• Brainstorm Intervention – Call a few friends together and summarize your problem. If they’re not familiar with your current project, have someone read the page right before your progress stopped. Then for the next 5 minutes have them call out ideas for your next move – even outrageous suggestions. Take the idea that least fits your plotline and write a page on it before you take up the idea that most fits your plotline and then go back to your project.

Most important, have fun and don’t give up.

When Does Editing Stop and Calling It Done Begin?

This is one of the biggest problems for many authors when completing a creative writing project.

I make several editing passes just for grammar (delete all those unnecessary “-ly” words; change passive verbs to action verbs), consistency (oops – the age I refer to on page 10 doesn’t match the age mentioned on page 124), and format (I created a style for chapter title, why didn’t I use it here?).

For those of us without a professional editor, we also follow the editing by friends and fellow aspiring authors routine. When the fourth go-round results in something like the following exchange we should probably let our friends off the hook.

“Looks good to go.”

“Did you see that edit on page 38?”

“Um…”

“You know, the one where I completely changed the description.”

“Oh, yeah, that’s fine.”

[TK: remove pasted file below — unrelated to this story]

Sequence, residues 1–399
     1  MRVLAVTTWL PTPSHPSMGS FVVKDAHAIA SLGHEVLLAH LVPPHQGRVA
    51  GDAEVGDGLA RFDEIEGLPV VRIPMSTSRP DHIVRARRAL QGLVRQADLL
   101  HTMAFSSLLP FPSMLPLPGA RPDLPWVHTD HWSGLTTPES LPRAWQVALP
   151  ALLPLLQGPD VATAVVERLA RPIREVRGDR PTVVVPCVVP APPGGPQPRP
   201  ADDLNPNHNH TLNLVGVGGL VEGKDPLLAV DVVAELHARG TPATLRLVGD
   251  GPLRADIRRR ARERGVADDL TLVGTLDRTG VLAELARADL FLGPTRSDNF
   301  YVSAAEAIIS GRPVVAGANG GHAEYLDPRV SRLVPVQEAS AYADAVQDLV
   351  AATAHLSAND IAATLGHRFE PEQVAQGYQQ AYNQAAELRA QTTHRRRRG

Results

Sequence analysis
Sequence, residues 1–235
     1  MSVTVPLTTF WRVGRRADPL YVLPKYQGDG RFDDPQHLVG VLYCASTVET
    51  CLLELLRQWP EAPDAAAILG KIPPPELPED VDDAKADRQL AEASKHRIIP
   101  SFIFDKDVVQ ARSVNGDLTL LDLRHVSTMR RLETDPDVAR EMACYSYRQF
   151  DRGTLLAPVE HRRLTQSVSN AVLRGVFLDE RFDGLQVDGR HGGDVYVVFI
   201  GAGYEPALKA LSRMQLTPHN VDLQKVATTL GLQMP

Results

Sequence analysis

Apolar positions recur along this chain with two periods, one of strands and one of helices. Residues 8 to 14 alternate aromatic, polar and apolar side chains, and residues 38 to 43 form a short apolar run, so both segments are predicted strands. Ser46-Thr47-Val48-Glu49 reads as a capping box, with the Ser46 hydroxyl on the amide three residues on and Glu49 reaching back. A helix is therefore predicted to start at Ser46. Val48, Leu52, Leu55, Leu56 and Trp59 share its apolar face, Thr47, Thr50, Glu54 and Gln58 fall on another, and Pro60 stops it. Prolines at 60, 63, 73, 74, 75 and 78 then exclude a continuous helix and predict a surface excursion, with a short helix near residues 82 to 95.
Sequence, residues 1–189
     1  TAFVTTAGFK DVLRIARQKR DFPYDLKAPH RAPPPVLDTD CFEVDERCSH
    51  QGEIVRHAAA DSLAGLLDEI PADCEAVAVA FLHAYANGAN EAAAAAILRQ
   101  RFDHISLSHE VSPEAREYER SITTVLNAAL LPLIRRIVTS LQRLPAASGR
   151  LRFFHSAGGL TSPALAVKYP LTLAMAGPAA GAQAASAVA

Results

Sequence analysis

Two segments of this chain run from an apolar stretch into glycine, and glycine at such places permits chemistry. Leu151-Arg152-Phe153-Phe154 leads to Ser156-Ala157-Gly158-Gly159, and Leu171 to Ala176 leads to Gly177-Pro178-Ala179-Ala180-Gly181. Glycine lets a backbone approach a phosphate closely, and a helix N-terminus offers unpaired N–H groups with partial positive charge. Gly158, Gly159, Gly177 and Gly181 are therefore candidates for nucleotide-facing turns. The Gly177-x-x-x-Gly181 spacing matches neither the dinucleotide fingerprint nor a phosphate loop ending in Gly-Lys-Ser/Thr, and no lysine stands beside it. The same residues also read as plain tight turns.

“So it’s definitely better than the first one?”

“I don’t remember exactly what the first one said.”

“Then how can you say this one is better?”

“Because it didn’t jump off of the page and stab me in the eye!”

Then there’s the editing for perfection passes, typically done by the author alone. We (okay, read “I”) find ourselves modifying SOMETHING everything 10-15 pages or so, just because a conversation, a tone, a description, even a character,  isn’t flawless. And, isn’t that an exercise in futility? In my opinion, perfection on every page just is not achievable in the art of creative fiction. If that’s what we strive for, then we all lose.

Perfection is found in the truth of the character arc, the precision with which you have built your world. Perfection is found in the rightness of the conflict resolution of your storyline – and that includes all the strengths and weaknesses, the imperfections of your characters.

Truth, precision, rightness…when you find that, you are DONE.

Enjoy the Discovery in Writing – and Seek Direction When You Need It

While struggling to make my protagonist believable and to strengthen my plot, I often find myself going back to books I purchased long ago. One book on my go-to list is Christopher Vogler’s The Writer’s JourneyMythic Structure for Writers. Going back to reread chapters can get you through your stalled out periods.